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The naming of a new philosophy.

The Encyclopedia of Philosophy (Collier-Macmillan, 1972) has more than 4,000 pages, but the word "accident" appears only a dozen times worth noting. The word "effect" has the same marginal importance. Intrigued, I began to look for the real meaning of these two words, which I consider crucial to our existence. For sure, the word "Effectology" cannot be found in any dictionary.
It took the tragic events of September 11, 2001, with its incredible accidents and effects that changed our world in an instant, to propel me to put into writing the philosophy that developed into Effectology. As happens often in life, a deciding factor is needed to spur action. The terrorist attacks on the Twin Towers and the Pentagon were enough proof for me of what accidents can do, clearly displaying effects and subsequent meanings in real life.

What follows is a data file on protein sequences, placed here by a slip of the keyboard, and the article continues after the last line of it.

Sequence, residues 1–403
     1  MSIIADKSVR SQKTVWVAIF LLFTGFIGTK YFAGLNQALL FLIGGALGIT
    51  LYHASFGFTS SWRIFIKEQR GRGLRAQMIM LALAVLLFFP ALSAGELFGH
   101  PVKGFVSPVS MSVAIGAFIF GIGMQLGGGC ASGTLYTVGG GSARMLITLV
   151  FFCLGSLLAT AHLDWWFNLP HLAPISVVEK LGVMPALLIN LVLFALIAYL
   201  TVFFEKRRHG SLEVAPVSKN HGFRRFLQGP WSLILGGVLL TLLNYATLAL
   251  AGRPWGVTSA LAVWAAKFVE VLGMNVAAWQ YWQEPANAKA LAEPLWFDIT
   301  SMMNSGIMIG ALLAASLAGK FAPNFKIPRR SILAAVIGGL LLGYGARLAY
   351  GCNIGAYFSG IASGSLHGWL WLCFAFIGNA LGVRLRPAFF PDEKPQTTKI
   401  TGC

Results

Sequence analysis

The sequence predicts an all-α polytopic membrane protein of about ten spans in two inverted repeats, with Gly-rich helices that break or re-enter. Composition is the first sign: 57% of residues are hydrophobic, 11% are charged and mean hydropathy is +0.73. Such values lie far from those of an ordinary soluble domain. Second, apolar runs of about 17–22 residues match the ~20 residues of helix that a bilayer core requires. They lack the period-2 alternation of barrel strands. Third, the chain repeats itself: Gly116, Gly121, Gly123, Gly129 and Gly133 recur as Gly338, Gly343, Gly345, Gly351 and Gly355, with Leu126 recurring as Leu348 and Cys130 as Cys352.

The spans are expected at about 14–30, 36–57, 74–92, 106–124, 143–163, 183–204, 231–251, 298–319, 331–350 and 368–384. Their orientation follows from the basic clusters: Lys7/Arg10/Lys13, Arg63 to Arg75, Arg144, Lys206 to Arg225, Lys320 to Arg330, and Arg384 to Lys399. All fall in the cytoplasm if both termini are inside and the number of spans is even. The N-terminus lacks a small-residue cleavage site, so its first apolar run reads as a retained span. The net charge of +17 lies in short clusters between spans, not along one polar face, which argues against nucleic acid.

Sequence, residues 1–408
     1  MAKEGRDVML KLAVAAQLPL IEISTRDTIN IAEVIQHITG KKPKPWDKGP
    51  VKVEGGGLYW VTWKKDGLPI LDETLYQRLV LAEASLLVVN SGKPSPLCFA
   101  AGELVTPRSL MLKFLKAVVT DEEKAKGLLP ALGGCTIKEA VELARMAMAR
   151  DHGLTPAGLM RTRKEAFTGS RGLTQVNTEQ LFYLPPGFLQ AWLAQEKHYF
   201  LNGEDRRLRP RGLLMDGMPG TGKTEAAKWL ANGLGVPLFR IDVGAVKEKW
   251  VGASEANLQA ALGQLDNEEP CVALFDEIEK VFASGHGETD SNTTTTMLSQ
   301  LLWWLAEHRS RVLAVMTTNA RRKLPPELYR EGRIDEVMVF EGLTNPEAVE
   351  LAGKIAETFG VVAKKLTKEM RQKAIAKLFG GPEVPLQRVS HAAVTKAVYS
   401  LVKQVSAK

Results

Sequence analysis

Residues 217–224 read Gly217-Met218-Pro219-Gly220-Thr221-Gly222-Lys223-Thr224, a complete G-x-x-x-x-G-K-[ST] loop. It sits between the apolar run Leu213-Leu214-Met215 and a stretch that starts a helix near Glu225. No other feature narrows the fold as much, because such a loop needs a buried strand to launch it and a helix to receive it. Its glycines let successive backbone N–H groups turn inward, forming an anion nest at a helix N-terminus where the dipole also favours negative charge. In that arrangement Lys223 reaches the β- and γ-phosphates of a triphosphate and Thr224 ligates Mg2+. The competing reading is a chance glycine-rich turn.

My Effectology treatise is not an academic study, nor is it intended to revolutionize the academic establishment. The minimal academic references I use are to prove my point, not to challenge theories and thinkers. In order to avoid making the bibliographical notes thicker than the text, I am placing my sources in the body of the text.
Intuitively written, this book may be more important for what I left out than for what I put in it, because I did not know more or better. Like any other philosophy, Effectology has its share of faults, but I hope my writing is concise and well-substantiated. I tried hard to avoid the effects of tautology, a common accident of writers.
Now that I have initiated this philosophical thought, you, the reader, are invited to finish it.
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